Where are the opportunities outside the United States and what is the best strategy for investors who want to put their money outside the country? David Winters, CEO of Wintergreen Advisers, shared his ideas.
Stocks retreated Wednesday, after soaring to fresh 15-month highs a day earlier, as some disappointing earnings and the dollar's gains clipped the market's momentum.
Berkshire Hathaway shareholders have approved the company's proposed 50-for-one stock split of its Class B shares. About 150 people gathered in Omaha for the special shareholders meeting, with most holders voting by proxy. The outcome was never in doubt.
If you're wondering about why the markets are weak today, the primary catalyst is China. Like it or not, China is the big kahuna in terms of economic growth. Also: The "worst mutual fund ever" shuts down.
Warren Buffett was interviewed live this morning (Wednesday) on CNBC's Squawk Box, ahead of a special Berkshire Hathaway shareholders meeting to approve the company's proposed Class B stock split. This is the first part of an unofficial transcript of the entire one-hour interview conducted by Becky Quick. In this section, Buffett criticizes President Obama's proposed tax on banks.
Warren Buffett tells CNBC in a live interview on Squawk Box this morning that he has "a lot of doubts" about Kraft's planned purchase of Cadbury and that he "feels poorer" in the wake of the deal. The deal does not need to be approved by shareholders, but "If I had a chance to vote on this, I'd vote no." But he rejected Joe Kernen's suggestion that he show his displeasure by selling Berkshire's stake of over 9 percent in Kraft. That, he says, would be too expensive because Kraft's stock is still "undervalued."
Stock index futures were lower Wednesday, indicating a pullback following the biggest gains for stocks since Jan. 4.
After years of opposing any split for Berkshire Hathaway's famously high-priced stock, shareholders meet tomorrow in Omaha to approve a 50-for-1 split for its Class B shares. The move is being justified as a way to make it easier for BNSF shareholders to receive tax-free stock instead of cash when the railroad is acquired by Berkshire. But some believe Buffett wouldn't mind if the split also clears the way for Berkshire's induction into the prestigious S&P 500 stock index.
Should you take advantage of the rare opportunity to own Berkshire Hathaway for less than $100 a share?
Warren Buffett's Berkshire Hathaway won't be able to make good on its threat to vote against Kraft's agreement to buy Cadbury, even though Kraft had to raise its bid again to nearly $19 billion to close the deal. Due to the way it is structured, Kraft shareholders won't need to approve the issuance of new shares. Buffett, however, may have something to say about the matter when he's interviewed live tomorrow morning on CNBC's Squawk Box.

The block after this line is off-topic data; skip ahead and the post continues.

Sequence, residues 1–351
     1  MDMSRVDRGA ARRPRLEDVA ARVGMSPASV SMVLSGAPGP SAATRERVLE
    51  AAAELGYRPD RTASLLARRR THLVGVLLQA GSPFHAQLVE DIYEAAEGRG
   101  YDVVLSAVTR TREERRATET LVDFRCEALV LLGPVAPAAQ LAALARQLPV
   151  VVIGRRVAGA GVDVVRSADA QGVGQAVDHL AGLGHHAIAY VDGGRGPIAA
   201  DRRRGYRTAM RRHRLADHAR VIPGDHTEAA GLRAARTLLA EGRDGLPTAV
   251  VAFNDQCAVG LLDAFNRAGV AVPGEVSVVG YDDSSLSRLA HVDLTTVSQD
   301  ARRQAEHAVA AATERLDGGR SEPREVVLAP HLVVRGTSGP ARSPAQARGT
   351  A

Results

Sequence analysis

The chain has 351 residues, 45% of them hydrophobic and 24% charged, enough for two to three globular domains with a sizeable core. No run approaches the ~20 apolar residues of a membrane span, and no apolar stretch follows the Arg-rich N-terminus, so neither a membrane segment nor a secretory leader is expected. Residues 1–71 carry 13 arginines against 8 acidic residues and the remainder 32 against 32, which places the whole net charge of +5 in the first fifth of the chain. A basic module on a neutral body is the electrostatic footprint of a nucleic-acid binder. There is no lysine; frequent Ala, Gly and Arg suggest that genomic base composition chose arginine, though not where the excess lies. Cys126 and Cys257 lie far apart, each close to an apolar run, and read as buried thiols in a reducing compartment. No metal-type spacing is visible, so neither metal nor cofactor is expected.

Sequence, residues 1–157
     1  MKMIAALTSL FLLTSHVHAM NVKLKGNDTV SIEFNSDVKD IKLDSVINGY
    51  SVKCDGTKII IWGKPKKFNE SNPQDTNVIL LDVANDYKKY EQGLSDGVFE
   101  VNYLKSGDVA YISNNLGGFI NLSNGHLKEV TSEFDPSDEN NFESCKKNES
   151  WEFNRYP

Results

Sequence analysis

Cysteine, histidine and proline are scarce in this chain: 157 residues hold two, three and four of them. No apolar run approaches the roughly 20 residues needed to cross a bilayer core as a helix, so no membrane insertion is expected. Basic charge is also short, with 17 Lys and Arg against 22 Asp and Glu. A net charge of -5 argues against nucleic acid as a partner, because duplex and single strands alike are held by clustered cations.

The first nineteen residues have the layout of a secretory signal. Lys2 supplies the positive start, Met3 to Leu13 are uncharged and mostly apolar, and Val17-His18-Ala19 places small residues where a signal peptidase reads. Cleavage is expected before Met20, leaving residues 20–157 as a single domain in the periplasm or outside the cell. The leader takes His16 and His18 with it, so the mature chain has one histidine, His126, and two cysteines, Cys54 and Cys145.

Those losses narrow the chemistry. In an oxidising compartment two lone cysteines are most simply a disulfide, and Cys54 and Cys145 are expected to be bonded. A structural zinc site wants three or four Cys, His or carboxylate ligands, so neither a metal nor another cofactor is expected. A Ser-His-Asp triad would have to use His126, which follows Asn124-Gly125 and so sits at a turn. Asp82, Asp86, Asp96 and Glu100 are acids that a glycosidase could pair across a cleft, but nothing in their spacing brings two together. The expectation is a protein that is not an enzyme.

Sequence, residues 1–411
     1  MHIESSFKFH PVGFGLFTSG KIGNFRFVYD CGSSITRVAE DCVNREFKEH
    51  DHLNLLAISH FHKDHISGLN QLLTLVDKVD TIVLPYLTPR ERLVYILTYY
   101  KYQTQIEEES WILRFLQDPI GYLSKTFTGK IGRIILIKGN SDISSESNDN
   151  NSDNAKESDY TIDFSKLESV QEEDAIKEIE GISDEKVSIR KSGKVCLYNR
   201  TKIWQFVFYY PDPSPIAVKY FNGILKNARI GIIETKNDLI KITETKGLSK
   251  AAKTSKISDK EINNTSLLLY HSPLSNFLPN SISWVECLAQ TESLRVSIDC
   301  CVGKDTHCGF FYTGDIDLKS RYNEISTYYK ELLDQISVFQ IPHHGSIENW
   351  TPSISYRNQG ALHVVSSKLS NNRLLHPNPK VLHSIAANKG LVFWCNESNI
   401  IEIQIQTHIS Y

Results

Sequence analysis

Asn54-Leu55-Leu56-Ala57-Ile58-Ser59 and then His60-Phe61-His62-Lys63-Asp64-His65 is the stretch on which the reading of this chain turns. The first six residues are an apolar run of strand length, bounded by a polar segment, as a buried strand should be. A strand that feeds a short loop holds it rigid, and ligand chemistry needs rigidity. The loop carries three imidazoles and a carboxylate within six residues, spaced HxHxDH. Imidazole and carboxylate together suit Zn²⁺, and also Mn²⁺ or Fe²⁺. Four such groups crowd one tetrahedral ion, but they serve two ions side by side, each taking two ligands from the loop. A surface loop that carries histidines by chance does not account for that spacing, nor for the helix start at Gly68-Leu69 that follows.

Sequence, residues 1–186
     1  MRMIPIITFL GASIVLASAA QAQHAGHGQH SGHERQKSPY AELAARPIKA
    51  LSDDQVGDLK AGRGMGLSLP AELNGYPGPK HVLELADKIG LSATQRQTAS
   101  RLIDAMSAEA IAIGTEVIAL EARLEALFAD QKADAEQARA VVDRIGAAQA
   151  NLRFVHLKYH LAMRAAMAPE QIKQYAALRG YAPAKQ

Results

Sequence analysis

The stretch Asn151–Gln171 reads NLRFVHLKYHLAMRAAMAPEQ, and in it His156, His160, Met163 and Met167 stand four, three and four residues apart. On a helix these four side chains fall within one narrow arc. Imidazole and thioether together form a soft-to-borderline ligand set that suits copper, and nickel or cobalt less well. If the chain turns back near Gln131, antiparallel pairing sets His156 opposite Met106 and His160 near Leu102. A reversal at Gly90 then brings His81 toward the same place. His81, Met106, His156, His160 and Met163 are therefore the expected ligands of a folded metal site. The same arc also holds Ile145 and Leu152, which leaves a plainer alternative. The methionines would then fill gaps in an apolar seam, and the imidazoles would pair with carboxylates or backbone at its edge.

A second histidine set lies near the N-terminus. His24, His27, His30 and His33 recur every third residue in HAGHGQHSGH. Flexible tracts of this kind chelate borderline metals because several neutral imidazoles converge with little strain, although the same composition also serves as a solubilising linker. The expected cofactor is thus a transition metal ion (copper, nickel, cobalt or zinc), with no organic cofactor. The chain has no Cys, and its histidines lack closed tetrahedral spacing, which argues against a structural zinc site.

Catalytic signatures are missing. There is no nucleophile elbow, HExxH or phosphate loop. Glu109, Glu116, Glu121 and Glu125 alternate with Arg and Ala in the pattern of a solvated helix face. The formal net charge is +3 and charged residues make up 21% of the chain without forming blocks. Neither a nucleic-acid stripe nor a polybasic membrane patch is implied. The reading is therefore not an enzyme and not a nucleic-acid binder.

Warren Buffett has a decision to make, now that Kraft is close to a friendly deal to acquire Cadbury for a sweetened bid of $19 billion, including a larger cash portion. Berkshire, Kraft's largest shareholder, had signaled it was against a higher bid, but also warned Kraft against using too much of its "undervalued" stock for a purchase.
Warren Buffett's Berkshire Hathaway will take on some risk that a cautious Swiss Re doesn't want right now, in a deal strengthening ties between the two companies.
In extended trade, investors were gaming food stocks after billionaire investor Bill Ackman followed Warren Buffet into Kraft with a 2 percent stake.
Bolstered by low rates and strong demand, companies and others have been rushing to issue a near record level of new debt since the start of the year and the trend should continue for now.
Retailers on Thursday will report December sales results, taking the wraps off their holiday season and possibly showing the best comparisons in 20 months.
Markets are looking quite positive for 2010, said James Paulsen, chief investment strategist at Wells Capital Management. Phil Orlando, chief equity market strategist at Federated Investors, agreed. They shared their market strategies with CNBC.
Markets opened flat on Wednesday, after a pair of private employment readings in anticipation of Friday's U.S. government jobs report. What should investors expect from the markets this month? Peter Costa, president of Empire Executions and CNBC market analyst, shared his insight.
The S&P finished higher Tuesday as Ford shares soared after better-than-expected sales. The Dow ended slightly lower after a sharp drop in pending-home sales. Financials had a strong day, with Bank of America finishing near the top of the Dow pack.
Try as they might to put on a brave face, Kraft management cannot be pleased that Warren Buffett chose to go public with his opposition to the company’s plan to issue up to 370 million shares to facilitate the purchase of Cadbury.
Corporate debt and equities both saw strong performances in 2009 so what should investors expect for 2010? Sam Stovall, chief investment strategist at Standard & Poor’s, shared his view.